Page:The Corsair (Byron).djvu/111

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The time in this poem may seem too short for the occurrences, but the whole of the Ægean isles are within a few hours sail of the continent, and the reader must be kind enough to take the wind as I have often found it.

Note 1, page 23, line 2.
"Of fair Olympia lov'd and left of old,

Orlando, Canto 10.

Note 2, page 29, line 10.
Around the waves' phosphoric brightness broke;

By night, particularly in a warm latitude, every stroke of the oar, every motion of the boat or ship, is followed by a slight flash like sheet lightning from the water.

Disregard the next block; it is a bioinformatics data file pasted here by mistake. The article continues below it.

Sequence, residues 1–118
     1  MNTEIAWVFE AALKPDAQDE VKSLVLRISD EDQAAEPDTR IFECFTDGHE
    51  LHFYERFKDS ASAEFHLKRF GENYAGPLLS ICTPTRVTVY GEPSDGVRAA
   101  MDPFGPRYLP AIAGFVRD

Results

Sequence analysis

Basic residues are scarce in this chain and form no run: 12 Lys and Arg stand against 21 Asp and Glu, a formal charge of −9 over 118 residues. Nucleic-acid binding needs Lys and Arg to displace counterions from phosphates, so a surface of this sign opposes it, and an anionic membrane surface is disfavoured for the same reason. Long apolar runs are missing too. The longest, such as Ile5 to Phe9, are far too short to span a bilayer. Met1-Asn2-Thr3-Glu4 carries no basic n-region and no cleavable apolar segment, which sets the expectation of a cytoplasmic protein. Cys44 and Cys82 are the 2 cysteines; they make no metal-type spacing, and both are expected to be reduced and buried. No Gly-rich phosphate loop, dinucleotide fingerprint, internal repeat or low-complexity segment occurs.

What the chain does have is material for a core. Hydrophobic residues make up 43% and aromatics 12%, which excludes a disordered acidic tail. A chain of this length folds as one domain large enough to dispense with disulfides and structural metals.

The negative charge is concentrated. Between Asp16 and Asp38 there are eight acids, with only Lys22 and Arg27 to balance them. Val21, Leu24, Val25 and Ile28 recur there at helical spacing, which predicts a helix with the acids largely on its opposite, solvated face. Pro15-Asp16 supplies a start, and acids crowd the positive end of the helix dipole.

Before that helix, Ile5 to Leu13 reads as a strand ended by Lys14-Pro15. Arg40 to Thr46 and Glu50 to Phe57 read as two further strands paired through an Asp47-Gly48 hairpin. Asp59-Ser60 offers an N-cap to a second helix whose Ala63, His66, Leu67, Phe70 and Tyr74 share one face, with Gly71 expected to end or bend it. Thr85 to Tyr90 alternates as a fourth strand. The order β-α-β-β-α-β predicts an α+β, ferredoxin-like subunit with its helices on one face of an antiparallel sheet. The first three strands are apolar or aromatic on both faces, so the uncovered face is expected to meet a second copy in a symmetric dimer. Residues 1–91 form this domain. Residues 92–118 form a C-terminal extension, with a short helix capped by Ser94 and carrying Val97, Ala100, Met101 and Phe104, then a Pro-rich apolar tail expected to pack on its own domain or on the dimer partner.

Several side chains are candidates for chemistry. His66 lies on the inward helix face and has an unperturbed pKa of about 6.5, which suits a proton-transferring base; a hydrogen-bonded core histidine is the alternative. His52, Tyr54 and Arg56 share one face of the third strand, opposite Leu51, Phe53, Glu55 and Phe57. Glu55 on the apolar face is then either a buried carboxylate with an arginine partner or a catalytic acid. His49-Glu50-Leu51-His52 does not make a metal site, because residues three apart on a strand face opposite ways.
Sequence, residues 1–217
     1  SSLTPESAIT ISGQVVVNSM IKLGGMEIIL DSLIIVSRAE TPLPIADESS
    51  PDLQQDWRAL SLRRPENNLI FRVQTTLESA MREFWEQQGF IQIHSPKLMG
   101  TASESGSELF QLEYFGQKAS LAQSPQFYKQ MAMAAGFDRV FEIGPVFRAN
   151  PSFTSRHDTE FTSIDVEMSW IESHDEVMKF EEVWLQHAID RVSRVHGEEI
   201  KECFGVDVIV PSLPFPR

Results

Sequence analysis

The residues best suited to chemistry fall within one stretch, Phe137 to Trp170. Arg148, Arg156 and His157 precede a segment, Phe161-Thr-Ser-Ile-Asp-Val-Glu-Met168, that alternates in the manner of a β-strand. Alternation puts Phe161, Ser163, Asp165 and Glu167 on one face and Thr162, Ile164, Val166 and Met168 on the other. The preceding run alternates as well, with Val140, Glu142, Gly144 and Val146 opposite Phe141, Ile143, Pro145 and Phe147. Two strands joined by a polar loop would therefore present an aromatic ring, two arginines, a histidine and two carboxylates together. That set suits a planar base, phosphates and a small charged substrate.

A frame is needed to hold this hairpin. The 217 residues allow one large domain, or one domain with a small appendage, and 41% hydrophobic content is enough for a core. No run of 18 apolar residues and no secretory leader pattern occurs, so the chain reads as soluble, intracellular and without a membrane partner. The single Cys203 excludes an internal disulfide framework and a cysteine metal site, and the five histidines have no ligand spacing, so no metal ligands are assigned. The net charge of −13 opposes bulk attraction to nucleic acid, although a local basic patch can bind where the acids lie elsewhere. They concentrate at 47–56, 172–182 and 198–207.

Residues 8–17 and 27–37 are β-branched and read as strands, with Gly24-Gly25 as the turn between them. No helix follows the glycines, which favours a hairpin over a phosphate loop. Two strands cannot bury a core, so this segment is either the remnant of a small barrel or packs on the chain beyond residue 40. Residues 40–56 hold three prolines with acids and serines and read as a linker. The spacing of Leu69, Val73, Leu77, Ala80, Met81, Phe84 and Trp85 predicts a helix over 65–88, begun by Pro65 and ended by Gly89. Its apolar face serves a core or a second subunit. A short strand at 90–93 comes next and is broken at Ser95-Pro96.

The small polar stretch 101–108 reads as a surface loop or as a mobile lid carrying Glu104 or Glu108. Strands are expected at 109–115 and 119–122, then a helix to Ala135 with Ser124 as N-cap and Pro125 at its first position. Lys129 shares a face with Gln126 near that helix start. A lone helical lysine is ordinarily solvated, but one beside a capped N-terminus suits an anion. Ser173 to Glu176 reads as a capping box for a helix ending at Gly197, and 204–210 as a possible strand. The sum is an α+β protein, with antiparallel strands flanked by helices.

Note 3, page 33, line 1.
Though to the rest the sober berry's juice.


Note 4, page 33, line 3.
The long Chibouque's dissolving cloud supply,


Note 5, page 33, line 4.
While dance the Almas to wild minstrelsy:


Note to Canto II. page 33, line 18.

It has been objected that Conrad's entering disguised as a spy is out of Nature.—Perhaps so. I find something not unlike it in history.

"Anxious to explore with his own eyes the state of the